Departure tax is generally included in the price of your airline ticket. Check with your carrier to be sure.

Health

The following information is current as of 2009. The CDC is not requiring any vaccines at this time while traveling in Malaysia. Inoculation will not be required unless a traveler is entering from a designated infected area. A good source for information is the Center for Disease Control in Atlanta. Call their 24 hour toll-free information at 800-CDC-INFO (800-232-4636). The CDC also is on line at http:/www.cdc.gov. Remote areas of Malaysia may have Malaria, the use of mosquito repellant is always recommended when the insect is present.

Food

As when traveling anywhere in foreign countries, take general common sense precautions with food. Bottled water is recommended.

GENERAL TRAVEL INFORMATION

PRACTICAL INFORMATION ON MALAYSIAN BORNEO

Electricity/Water

In Malaysia voltage is 240Volt
Grounded plug adapters WA-7
Ungrounded plug adapters #5.
These are the recommended wall outlet plug adapters for MALAYSIA.

Tipping

Tipping is not a common practice in Malaysia. However, with that said, resorts that cater to Americans are learning to welcome them. We recommend tipping your dive guides and bartenders.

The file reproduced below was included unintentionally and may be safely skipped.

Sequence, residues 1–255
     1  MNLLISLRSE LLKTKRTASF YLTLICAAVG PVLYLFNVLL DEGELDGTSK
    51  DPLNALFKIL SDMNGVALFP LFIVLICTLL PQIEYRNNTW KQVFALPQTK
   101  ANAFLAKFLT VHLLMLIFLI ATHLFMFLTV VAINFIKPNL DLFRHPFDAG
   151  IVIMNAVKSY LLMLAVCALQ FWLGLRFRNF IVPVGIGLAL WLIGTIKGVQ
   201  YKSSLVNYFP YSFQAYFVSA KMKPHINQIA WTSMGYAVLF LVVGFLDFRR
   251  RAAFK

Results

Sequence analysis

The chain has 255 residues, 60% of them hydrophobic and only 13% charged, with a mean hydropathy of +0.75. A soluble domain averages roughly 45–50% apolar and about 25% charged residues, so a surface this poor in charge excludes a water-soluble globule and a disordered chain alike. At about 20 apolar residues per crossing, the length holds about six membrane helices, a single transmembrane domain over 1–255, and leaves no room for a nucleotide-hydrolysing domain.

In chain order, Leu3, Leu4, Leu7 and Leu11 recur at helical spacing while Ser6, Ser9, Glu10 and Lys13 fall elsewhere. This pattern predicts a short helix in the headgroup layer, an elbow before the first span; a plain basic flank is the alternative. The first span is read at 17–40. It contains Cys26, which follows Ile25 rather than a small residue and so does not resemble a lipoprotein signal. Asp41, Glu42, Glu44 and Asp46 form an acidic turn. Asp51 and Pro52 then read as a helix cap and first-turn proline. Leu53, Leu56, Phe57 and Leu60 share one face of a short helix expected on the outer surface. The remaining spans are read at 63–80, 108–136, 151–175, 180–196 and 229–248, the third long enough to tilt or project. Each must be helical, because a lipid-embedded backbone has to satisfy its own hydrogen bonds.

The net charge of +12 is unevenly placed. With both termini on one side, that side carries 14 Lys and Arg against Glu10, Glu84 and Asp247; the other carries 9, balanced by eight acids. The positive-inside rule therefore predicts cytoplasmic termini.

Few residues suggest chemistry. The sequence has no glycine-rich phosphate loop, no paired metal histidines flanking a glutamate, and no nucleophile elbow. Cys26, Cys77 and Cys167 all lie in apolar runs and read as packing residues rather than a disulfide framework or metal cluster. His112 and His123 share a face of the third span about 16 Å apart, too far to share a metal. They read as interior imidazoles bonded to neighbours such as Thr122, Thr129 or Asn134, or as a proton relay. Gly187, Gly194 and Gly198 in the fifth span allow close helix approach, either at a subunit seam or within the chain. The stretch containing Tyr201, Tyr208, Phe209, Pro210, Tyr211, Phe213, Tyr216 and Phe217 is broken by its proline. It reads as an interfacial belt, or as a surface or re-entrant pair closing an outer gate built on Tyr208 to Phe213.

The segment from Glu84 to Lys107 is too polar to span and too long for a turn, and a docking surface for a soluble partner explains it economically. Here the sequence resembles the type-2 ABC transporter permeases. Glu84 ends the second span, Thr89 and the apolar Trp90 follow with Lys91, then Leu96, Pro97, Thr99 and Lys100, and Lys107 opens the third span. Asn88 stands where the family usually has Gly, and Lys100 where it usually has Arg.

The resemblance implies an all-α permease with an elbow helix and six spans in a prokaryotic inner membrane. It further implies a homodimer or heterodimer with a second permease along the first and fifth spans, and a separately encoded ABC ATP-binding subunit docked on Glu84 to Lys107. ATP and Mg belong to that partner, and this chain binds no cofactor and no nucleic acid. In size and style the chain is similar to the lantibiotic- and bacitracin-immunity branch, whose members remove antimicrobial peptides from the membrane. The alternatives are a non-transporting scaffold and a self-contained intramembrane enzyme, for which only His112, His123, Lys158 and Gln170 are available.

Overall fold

Telephone

To make a phone call you can use a scratch card, available in in supermarkets and most souvenir shops. They’re very easy to use and the instructions are on the card. Dial the (free) number on the card and type in the code and then the number you want to call. You can also phone from many resorts at the front desk. Inquire at your individual hotel.

Fax

Fax service is available at most hotels for a fee.

Time Zones

Malaysia is GMT+8.

Currency

As of September, 2009 the exchange rate
1 US Dollar = 3.2 Malaysian Ringgit

Here’s a great web site to check http://www.x-rates.com/calculator.html
The Malaysian currency is the ringgit, informally known as the dollar (the “$” symbol can be seen on older notes) and abbreviated RM or MYR, is divided into 100 sen. There are coins of 5, 10, 20, and 50 sen as well as bills of RM1, 2 (rare), 5, 10, 50 and 100. 5 sen coins are mainly given as change in large establishments and supermarkets, peddlers and street vendors might be reluctant to accept them.